Victorian Lady Travellers

Dorothy Middleton gathers up into her heavy skirts a list of women globetrotters from the Victorian era. Some I’d heard of and had read their accounts in their own words: Isabella Bird’s jaunt around the Western US (Colorado, especially), and Mary Kingsley’s superb and hilarious Travels in West Africa. With those two as a recommendation, I grabbed the book to learn about the other travelers yet unknown to me.
Marianne North roamed the planet first with her father, then solo after his death, painting as she went through the tropics of Jamaica and Brazil, then through the redwoods near San Francsico. North’s journeys are described in her three volume Recollections of a Happy Life, and Further Reflections, but something prevents me from rushing out to read these. Another of the explorers I’m not keen on learning more about is Annie Taylor, missionary in Tibet. Also Kate Marsden, whose missionary work led her to explore vast amounts of Siberia traveling to leper colonies.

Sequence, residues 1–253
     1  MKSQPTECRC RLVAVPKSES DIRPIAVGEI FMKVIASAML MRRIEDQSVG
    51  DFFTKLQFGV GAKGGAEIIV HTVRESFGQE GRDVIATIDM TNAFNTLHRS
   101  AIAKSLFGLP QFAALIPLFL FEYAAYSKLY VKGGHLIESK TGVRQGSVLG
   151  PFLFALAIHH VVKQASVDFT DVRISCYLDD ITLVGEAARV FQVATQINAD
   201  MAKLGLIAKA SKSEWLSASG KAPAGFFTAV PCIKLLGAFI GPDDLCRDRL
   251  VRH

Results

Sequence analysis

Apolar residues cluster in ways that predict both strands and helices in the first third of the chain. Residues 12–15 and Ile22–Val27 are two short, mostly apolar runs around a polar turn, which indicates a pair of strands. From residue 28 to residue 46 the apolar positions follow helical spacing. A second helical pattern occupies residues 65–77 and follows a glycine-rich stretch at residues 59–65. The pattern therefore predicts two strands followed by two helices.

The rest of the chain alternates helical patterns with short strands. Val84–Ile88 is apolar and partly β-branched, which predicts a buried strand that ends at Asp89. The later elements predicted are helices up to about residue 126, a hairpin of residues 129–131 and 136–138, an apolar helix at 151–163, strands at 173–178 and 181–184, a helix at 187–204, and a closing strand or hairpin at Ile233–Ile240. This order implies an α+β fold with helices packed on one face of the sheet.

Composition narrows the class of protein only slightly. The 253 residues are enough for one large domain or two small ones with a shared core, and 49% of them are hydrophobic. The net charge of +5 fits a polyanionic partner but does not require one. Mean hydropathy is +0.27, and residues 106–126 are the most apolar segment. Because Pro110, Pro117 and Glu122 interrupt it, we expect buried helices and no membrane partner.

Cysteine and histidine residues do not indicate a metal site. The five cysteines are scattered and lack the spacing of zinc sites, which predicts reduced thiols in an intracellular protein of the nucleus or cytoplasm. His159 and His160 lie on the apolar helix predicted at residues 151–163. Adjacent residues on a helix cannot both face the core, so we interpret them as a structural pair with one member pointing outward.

Fanny Bullock Workman strikes me as a much more entertaining subject – she lead her husband around Europe and India on bicycle tours, the two of them on bikes laden down with their possessions, including a tea kettle from the handlebars. Fanny’s pictured in the book displaying a Votes for Women placard at the pinnacle of a mountain summit on the Karakoram Range (Central/South Asia). They frequently had to brandish pistols at marauders on the road as they bicycled through Spain, Java, Sumatra.
May French Sheldon was a wealthy American woman who made her first journey around the world at age sixteen. She headed to East Africa in 1891 and captured the journey in Sultan to Sultan, which seems worth a read. Nicknamed Bébé Bwana by the natives (Swahili for “Lady Boss”), she found a way into the crater on the slopes of Kilamanjaro and pontooned around Lake Chala flying the Stars & Stripes.